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Beyond Don Waney: The political economy of the crisis in Omoku


Beyond Don Waney: The political economy of the crisis in Omoku

By Kingsley George Jnr.

The murder of innocent worshippers on the first day of the year in Omoku community brought a symbolic grief to many Nigerians. This was not only because of the mood of the season and importance of such a day but also because of the fact that most people who lost their lives were defenceless citizens among whom were many women and children.

Besides the symbolism of the timing, it was not anything new. Omoku and neighbouring communities have become killing fields. For more than two and half years now these sort of mindless killings, kidnapping and arson have been going on. At the last count, residents suggest that more than two thousand persons might have lost their lives while another six thousand have been displaced. Properties worth millions of naira were either destroyed or looted. Most of the murders were committed in a most dastardly and horrific manner. Some of the victims were reportedly beheaded first and then burnt. It has been one of most mindless, inexplicable and unjustifiable bloodletting in recent times.  

These may be part of the reasons, why the news of the death of one of the kingpins of terror, Prince Igwedibia a.k.a Don Waney created instant celebration and even frenzy across Rivers State and whole country. For a few hours after the news of his demise filtered into the social media space, many people were still doubtful and apprehensive. 

Sometime last November, there was a strong rumour that Mr. Igwedibia had been killed by security agents, when his shrine was successfully raided. However, it turned out that he had escaped through the nearby stream back to his hideout. He probably returned on the New Year eve on what could be said to be a revenge mission and to assert his invincibility – which probably became his waterloo. Many people even insisted that they must see his corpse before they could believe the story.

Beyond the frenzy, I wish to commend the security agencies who worked together to bring the reign of this self-acclaimed don of terror to a cowardly end. However, I am prepared to argue that it will be childish and even foolhardy to think that his death will automatically end the crisis. No. History is replete with examples of where the death of a gang leader resulted in reprisals or formation of more lethal factions of the same gang. We must therefore be cautious as we take a cursory look at political and economic undercurrents of the crises and engage in some deliberate soul searching. Without prejudice to any investigations going on, it will not be out of place to ask whether any person, group or organisation have directly benefitted from the crisis.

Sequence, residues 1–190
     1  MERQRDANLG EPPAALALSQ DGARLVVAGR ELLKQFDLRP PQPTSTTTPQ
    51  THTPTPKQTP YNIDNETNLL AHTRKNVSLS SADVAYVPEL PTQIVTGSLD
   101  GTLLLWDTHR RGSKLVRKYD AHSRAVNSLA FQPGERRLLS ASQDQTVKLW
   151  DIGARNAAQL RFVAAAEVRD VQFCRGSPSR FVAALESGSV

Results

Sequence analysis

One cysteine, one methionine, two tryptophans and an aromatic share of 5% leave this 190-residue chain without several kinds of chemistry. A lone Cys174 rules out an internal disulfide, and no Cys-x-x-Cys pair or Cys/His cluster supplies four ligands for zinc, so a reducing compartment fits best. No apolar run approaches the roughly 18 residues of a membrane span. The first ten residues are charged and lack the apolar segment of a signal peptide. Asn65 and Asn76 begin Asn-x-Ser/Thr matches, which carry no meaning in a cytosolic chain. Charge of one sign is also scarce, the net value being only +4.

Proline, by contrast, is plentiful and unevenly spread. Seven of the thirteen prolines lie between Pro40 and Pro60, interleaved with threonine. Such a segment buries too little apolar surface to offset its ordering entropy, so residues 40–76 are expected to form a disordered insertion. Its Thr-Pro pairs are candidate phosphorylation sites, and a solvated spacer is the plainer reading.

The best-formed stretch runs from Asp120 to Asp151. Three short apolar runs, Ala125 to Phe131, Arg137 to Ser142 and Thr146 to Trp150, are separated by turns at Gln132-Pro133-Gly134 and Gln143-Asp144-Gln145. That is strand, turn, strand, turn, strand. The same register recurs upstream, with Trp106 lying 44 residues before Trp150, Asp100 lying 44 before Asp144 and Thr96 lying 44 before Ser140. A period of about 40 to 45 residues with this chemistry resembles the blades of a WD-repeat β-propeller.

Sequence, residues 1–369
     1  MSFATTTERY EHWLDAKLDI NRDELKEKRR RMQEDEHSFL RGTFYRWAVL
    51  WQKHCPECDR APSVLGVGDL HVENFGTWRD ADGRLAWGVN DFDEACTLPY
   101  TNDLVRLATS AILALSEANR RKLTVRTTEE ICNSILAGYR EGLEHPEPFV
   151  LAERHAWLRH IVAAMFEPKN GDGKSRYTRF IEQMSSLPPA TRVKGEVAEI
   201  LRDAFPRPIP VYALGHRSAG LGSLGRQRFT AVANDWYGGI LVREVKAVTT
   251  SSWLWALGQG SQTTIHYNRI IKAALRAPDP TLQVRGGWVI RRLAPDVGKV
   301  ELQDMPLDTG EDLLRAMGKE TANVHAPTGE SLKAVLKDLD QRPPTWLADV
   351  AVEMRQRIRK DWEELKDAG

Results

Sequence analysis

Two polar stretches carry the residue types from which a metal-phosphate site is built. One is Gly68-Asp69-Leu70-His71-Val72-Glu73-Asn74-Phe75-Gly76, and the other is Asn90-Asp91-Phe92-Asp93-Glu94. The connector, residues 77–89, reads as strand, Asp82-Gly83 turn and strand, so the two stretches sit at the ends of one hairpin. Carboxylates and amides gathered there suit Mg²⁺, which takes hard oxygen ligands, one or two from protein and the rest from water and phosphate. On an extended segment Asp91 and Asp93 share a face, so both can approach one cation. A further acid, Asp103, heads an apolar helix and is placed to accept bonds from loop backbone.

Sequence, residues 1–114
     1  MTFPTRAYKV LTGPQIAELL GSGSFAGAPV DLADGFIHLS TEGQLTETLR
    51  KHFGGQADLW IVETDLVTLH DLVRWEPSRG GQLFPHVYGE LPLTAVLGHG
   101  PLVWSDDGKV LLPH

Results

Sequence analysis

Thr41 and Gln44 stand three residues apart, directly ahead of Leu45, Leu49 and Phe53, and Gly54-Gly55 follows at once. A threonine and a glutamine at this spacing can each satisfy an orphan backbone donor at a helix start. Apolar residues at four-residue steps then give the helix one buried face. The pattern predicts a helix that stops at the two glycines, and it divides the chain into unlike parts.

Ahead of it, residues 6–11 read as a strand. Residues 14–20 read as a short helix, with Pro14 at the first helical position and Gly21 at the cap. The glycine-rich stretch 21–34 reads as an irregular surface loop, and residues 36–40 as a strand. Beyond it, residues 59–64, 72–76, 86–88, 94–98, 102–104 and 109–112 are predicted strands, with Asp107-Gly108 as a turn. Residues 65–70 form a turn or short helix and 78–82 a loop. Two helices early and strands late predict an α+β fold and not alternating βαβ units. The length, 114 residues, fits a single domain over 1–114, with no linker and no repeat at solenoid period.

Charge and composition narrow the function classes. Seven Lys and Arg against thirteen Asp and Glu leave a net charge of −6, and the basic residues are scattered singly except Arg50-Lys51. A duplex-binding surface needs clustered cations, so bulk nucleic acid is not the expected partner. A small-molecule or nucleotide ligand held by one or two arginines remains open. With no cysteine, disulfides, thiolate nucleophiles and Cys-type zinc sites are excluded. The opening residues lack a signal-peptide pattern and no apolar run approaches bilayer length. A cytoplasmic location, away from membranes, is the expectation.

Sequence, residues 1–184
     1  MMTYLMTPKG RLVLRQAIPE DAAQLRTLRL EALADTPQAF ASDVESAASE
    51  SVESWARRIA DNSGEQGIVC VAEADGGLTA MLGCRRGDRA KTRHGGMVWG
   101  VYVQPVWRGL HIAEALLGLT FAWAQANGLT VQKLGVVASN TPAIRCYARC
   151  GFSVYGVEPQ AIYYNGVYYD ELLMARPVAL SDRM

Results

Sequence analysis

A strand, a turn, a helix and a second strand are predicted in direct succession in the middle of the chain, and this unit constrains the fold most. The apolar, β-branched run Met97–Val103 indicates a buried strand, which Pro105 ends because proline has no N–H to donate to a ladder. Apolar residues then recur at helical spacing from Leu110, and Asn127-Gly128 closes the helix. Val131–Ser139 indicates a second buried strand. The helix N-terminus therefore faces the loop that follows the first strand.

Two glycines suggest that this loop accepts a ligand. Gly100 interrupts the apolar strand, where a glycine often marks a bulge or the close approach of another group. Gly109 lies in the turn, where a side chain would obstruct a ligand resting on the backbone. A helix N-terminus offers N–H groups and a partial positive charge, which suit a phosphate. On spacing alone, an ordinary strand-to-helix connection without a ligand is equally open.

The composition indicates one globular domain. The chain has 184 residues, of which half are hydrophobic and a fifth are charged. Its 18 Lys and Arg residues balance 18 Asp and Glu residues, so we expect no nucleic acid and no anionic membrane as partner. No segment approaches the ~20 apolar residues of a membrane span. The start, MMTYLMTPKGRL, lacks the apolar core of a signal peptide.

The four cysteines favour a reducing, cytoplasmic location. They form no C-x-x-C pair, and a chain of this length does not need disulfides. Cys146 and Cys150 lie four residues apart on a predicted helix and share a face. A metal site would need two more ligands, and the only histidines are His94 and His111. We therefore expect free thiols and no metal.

I am sure that many people have forgotten that these communities are one of the biggest oil-bearing communities in Rivers state. At least two multinational oil companies – Totalfinaelf and Agip still operate there. Why have their operations been going on amidst these reports of protracted insecurity? Is it possible that they were neutral bystanders to this level of conflict among their host communities? Should we excuse them as good neighbours or should we associate the abundance of the ‘devil’s excrement’ as part of the initial reasons why the communities became factionalized? I will be curious to know how these companies managed to pull this off. 

In addition, many observers will also be interested to know whether the level of infrastructural development in Ogba/Egbema/Ndoni local government area will justify their contribution to our national treasury or confirm that they have produced two former Managing Directors of the Niger Delta Development Commission!

To be candid, it will be almost impossible to convince any objective observer that the names of these multinationals are not and should not feature somewhere in the conflict matrix.  When host communities are embroiled in crisis and insecurity, it gives oil companies reasons to shift the blame about their corporate social responsibility commitments.

Furthermore, there is a background of the proliferations of youth organisations, which is a familiar story of oil-bearing communities in the Niger Delta especially as they scramble for the ‘largesse’ of compensation and community relations benefits from these oil companies. The case of Omoku and indeed other communities in the local government are not different. You will hear names like Federated Egi Youth Association, Erema Youth Association, Akabuka Youth Movement, Ogbogu Youth Front, Okposi Youth Association and many others.  Every tiny community had at least two, at times more youth associations in a quest to organise themselves into a platform to get a share.